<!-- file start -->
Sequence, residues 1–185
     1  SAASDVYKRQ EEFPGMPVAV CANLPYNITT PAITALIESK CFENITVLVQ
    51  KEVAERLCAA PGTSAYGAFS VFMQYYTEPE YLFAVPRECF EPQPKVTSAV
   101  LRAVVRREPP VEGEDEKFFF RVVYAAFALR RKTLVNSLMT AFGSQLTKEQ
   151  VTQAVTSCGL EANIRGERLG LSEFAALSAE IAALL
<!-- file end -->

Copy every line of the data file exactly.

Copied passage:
Sequence, residues 1–185
     1  SAASDVYKRQ EEFPGMPVAV CANLPYNITT PAITALIESK CFENITVLVQ
    51  KEVAERLCAA PGTSAYGAFS VFMQYYTEPE YLFAVPRECF EPQPKVTSAV
   101  LRAVVRREPP VEGEDEKFFF RVVYAAFALR RKTLVNSLMT AFGSQLTKEQ
   151  VTQAVTSCGL EANIRGERLG LSEFAALSAE IAALL